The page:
The media has revealed Karen Kraushaar, one of Herman Cain’s first reported sexual harassment victims, and now she wants a press conference with all the victims.
Kraushaar, who works at the communications branch of the Treasury Department, wants to be able to stand with the other casualties of Cain, whom she called a “monster.”
The point of the press conference, Kraushaar said, would be to get all the allegations out in the open.
“That would be my preference, that we all go together in a joint press conference,” she told Politico.
Politico originally broke the story Oct. 30 that Cain had harassed Kraushaar and another woman during their tenure at the National Restaurant Association. Kraushaar and her lawyer, Joel Bennett, agreed to release her name to the media yesterday, contrary to rumors that she had not.
In an interview with CNN, Kraushaar explained her reasoning for attempting to band together the members of her small, victimized group.
“There is safety in numbers,” said the spokeswoman, “It is important that it happen in one conference.”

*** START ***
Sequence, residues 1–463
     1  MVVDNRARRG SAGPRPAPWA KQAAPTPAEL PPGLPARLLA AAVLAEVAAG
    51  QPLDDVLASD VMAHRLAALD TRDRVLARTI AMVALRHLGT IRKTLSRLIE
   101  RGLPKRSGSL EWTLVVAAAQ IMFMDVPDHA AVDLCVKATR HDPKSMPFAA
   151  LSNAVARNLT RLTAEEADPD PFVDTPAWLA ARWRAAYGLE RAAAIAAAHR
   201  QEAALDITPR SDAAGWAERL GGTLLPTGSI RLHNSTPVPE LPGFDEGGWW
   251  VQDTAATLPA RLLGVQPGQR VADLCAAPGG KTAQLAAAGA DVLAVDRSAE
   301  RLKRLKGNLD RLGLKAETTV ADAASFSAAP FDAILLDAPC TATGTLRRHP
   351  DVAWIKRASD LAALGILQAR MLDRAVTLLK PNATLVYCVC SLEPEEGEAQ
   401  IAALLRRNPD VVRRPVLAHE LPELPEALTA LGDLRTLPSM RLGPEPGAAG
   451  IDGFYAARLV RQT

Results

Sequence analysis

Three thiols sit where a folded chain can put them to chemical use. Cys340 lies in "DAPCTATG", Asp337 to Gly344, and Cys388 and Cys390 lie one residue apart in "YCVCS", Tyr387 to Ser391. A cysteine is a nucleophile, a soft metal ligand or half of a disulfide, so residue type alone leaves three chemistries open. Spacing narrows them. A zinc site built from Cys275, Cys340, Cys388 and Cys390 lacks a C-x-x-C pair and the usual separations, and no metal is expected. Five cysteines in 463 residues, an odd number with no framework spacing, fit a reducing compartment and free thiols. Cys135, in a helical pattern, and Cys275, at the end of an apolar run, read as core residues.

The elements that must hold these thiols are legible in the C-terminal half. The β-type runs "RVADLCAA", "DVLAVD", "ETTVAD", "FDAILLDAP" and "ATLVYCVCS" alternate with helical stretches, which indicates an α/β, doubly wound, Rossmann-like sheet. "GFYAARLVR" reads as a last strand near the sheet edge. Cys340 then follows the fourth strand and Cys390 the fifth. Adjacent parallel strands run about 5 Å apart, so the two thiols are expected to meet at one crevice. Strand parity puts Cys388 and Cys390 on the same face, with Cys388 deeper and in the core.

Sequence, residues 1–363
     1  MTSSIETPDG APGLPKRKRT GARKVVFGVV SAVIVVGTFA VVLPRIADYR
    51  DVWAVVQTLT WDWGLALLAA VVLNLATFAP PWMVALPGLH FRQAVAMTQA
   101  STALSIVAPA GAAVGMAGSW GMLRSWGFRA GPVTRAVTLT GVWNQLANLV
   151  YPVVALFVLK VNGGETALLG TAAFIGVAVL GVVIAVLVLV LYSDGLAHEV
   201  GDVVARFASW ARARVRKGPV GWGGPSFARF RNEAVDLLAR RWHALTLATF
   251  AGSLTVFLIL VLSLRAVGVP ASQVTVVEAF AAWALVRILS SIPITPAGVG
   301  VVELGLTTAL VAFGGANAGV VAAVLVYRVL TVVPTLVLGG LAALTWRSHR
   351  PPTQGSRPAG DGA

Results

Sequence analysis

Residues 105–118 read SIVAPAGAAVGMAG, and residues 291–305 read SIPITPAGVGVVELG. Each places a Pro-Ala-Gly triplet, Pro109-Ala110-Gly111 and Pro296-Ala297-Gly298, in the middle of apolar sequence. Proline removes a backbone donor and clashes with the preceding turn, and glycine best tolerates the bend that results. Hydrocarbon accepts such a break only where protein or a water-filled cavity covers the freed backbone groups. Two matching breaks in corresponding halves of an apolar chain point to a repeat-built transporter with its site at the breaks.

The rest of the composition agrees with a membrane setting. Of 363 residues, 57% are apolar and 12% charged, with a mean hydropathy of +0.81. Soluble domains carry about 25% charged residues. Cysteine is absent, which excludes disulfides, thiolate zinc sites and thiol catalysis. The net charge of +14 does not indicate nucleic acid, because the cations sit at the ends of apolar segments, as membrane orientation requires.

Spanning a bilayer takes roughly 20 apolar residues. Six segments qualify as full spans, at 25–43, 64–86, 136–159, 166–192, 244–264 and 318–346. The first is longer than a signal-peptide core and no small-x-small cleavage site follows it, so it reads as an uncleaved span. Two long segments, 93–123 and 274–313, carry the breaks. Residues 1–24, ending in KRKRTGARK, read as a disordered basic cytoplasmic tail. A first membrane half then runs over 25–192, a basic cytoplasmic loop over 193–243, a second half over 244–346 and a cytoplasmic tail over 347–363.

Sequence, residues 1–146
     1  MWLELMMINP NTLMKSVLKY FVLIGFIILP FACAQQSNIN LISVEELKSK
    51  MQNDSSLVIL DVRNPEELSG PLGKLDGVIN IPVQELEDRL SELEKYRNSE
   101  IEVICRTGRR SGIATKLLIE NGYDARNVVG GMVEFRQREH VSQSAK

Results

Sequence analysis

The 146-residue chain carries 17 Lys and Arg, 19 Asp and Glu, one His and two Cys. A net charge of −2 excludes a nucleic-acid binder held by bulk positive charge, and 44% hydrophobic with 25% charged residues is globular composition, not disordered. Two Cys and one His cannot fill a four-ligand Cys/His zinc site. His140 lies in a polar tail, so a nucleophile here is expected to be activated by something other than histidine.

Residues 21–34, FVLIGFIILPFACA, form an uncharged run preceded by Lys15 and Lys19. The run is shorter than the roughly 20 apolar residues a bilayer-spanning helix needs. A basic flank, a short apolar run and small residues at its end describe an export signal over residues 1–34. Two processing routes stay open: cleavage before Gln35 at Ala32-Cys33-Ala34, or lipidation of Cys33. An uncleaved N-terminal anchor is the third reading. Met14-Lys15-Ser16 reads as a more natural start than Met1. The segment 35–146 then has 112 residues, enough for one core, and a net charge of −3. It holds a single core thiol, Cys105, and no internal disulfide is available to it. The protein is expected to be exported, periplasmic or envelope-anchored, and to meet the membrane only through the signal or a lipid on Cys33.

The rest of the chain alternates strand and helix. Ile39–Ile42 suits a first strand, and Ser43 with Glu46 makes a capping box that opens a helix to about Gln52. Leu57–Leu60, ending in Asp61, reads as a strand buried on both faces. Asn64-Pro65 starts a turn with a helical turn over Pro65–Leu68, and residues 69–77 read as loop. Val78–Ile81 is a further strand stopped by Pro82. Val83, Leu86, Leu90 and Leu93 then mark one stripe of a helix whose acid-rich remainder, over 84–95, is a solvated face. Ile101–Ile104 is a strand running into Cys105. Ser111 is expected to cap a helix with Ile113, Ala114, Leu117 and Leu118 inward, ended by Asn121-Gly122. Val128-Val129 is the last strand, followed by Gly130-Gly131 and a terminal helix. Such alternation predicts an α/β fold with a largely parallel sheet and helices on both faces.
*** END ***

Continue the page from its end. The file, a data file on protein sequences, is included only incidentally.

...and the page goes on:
It also could lead to a quicker resolution and more answers than the accusers standing separately. Cain could have a chance to own up to the allegations at one time if the press conference happens, but Kraushaar says that will not happen.
“[Cain] is a serial denier. He will deny if it is four or 40 women,” she explained.
So far, one other accuser, Sharon Bialek, has come forward, and subsequently joined Kraushaar’s small cluster.
The now brazen complainant must defend her reasoning not only to the media, but to American citizens, especially those that back the GOP frontrunner Cain. Why wait 12 long years to come forward with public accusations, especially when a $46,000 settlement was reached and confidentiality agreement was signed?
Kraushaar says that Politico had a lot to do with it. When they approached her with the two names, she said, “If I deny, I’m lying.” Although the incident was a “personally embarrassing matter, “ the federal employee felt she had the obligation to do the right thing.
“Sexual harassment is not a Democratic problem or a Republican problem. It’s an American problem,” Kraushaar stated.